As Mary-Ann George is a respected (retired) transit expert, I sense that she is suggesting that politicians don’t come up with the greatest transit plans. The public is far too gullible and believe politicians have transit answers. I recall that Mayor Tory won one election based on the promise of “SmartTrack” and believes, as does Ford, that the Scarborough Subway Extension is the solution for Scarborough (I personally disagree). Del Duca, head of the Liberals was the Minister of Transportation who stuck Scarborough with a 4 lane Eglinton East Ave Crosstown and was arranging the Kirby GO station for private interests. The NDP have offered no transit plans for Toronto.

    I have great respect for yesterday’s transit experts like Mary-Ann George and Ed Levy. Toronto’s municipal government structure has no strategic transit planning staff. The woes we experience today (over-crowded Yonge Subway, crowded Bloor/Danforth, long bus routes in the suburbs) are due to planning failures of City government 20 years ago. The current City Hall punted on strategic transit planning for the Official Plan in 2019. Toronto needs a department of strategic transit planners (whether municipal or within Metrolinx) of the calibre of George and Levy to solve its transit nightmare. The provincial political parties aren’t capable.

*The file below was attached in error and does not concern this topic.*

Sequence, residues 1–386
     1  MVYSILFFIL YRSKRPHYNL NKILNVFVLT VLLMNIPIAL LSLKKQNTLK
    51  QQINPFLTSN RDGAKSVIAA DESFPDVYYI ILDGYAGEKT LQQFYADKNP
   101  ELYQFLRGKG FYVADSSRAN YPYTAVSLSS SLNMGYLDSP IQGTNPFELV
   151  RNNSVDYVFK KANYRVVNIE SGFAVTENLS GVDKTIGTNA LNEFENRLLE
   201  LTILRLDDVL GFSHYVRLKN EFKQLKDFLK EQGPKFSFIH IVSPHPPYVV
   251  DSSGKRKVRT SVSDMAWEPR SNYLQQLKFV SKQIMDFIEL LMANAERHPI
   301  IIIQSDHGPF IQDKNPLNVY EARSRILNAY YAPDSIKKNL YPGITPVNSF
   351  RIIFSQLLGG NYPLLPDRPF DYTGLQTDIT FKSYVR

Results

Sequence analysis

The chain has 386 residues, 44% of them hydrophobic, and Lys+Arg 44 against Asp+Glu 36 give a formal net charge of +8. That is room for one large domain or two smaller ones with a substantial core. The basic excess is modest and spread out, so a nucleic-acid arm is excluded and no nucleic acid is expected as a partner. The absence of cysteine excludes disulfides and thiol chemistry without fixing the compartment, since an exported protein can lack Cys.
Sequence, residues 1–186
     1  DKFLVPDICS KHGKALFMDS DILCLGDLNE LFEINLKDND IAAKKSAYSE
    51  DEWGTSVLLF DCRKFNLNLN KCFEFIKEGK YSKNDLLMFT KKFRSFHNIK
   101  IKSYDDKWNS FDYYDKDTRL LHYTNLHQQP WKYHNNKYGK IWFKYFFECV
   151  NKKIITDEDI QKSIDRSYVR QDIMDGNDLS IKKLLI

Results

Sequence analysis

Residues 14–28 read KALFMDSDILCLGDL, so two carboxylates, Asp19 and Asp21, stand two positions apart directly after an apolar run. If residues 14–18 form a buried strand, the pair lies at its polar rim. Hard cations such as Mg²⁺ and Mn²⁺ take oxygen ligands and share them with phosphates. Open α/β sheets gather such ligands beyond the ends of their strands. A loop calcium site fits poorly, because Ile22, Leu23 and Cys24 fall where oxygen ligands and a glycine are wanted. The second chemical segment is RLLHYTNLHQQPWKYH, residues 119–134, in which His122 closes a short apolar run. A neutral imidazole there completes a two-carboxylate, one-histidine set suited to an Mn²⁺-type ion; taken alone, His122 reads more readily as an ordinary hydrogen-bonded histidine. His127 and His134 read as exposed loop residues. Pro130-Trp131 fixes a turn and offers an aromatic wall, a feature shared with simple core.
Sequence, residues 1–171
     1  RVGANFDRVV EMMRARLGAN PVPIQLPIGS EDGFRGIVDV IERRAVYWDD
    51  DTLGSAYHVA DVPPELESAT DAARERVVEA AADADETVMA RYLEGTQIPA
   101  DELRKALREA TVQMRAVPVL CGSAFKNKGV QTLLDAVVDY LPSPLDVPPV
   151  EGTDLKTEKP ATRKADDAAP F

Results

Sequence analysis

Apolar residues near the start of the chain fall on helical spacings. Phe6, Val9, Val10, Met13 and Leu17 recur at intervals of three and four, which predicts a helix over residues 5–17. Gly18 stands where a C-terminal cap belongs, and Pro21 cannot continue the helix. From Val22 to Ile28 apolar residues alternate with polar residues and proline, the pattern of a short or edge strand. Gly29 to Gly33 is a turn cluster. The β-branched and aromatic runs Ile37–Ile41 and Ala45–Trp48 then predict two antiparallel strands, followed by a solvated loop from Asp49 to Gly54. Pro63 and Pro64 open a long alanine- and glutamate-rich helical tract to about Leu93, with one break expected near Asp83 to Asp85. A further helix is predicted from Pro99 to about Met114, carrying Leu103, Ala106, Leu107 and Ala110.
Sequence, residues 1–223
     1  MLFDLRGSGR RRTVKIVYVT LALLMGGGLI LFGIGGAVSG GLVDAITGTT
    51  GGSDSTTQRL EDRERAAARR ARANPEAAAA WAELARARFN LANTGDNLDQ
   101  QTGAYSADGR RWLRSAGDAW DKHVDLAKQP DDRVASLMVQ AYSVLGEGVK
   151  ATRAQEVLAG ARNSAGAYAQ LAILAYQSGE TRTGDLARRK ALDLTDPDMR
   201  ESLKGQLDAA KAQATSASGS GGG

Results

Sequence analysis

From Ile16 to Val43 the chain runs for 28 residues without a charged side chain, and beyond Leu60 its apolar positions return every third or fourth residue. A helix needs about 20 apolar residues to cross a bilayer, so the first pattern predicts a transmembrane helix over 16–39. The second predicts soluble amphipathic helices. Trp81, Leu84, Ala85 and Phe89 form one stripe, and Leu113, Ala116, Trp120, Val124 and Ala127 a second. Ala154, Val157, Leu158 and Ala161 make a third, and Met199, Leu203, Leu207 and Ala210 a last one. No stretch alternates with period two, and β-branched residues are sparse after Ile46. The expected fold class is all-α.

We get the government we deserve, but we’ve been dealt a terrible hand.

    Steve: And now the city has a Transit Expansion Office, but nobody is quite sure what it does.

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  13. There is nothing wrong with surface rail in Riverdale or elevated structures in East York. I feel that any NIMBYism is only going to add to delays in this much needed project.

    Steve: There problem in East York is the location of the maintenance yard. This is not a question of NIMBYism, but of a desire that that the yard (not the carhouse) be shifted to other nearby lands so that a commercial strip and, effectively, a community hub will stay where it is.

    As for Riverdale, Metrolinx has misrepresented their project so many times that it’s impossible to trust what they say. They have yet to produce a detailed plan showing exactly what properties will be affected, nor have they produced a noise and vibration study for the consolidated operation of the OL plus expanded GO service. They routinely answer questions by responding to other issues giving the impression that they are being transparent, but only to an outsider who does not know the details of the issue.